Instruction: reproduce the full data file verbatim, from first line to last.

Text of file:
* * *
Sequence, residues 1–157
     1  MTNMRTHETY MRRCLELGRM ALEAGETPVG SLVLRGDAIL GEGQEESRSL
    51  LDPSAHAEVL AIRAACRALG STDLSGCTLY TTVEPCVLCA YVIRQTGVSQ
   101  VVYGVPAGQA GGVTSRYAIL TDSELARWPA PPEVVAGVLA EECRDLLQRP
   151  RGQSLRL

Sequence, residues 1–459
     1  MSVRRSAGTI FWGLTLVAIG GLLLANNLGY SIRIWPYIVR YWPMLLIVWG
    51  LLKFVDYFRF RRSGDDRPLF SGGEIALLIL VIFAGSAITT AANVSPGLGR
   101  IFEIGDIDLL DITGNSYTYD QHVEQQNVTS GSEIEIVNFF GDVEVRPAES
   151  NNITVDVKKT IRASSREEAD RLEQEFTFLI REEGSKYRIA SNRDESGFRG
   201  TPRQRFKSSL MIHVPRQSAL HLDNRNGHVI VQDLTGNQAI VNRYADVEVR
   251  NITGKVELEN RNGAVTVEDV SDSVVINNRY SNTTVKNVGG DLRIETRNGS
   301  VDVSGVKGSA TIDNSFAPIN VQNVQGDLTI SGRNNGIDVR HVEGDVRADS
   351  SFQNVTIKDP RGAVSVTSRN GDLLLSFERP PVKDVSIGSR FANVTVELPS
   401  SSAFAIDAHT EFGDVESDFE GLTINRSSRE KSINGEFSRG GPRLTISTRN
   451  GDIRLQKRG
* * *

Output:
Sequence, residues 1–157
     1  MTNMRTHETY MRRCLELGRM ALEAGETPVG SLVLRGDAIL GEGQEESRSL
    51  LDPSAHAEVL AIRAACRALG STDLSGCTLY TTVEPCVLCA YVIRQTGVSQ
   101  VVYGVPAGQA GGVTSRYAIL TDSELARWPA PPEVVAGVLA EECRDLLQRP
   151  RGQSLRL

Sequence, residues 1–459
     1  MSVRRSAGTI FWGLTLVAIG GLLLANNLGY SIRIWPYIVR YWPMLLIVWG
    51  LLKFVDYFRF RRSGDDRPLF SGGEIALLIL VIFAGSAITT AANVSPGLGR
   101  IFEIGDIDLL DITGNSYTYD QHVEQQNVTS GSEIEIVNFF GDVEVRPAES
   151  NNITVDVKKT IRASSREEAD RLEQEFTFLI REEGSKYRIA SNRDESGFRG
   201  TPRQRFKSSL MIHVPRQSAL HLDNRNGHVI VQDLTGNQAI VNRYADVEVR
   251  NITGKVELEN RNGAVTVEDV SDSVVINNRY SNTTVKNVGG DLRIETRNGS
   301  VDVSGVKGSA TIDNSFAPIN VQNVQGDLTI SGRNNGIDVR HVEGDVRADS
   351  SFQNVTIKDP RGAVSVTSRN GDLLLSFERP PVKDVSIGSR FANVTVELPS
   401  SSAFAIDAHT EFGDVESDFE GLTINRSSRE KSINGEFSRG GPRLTISTRN
   451  GDIRLQKRG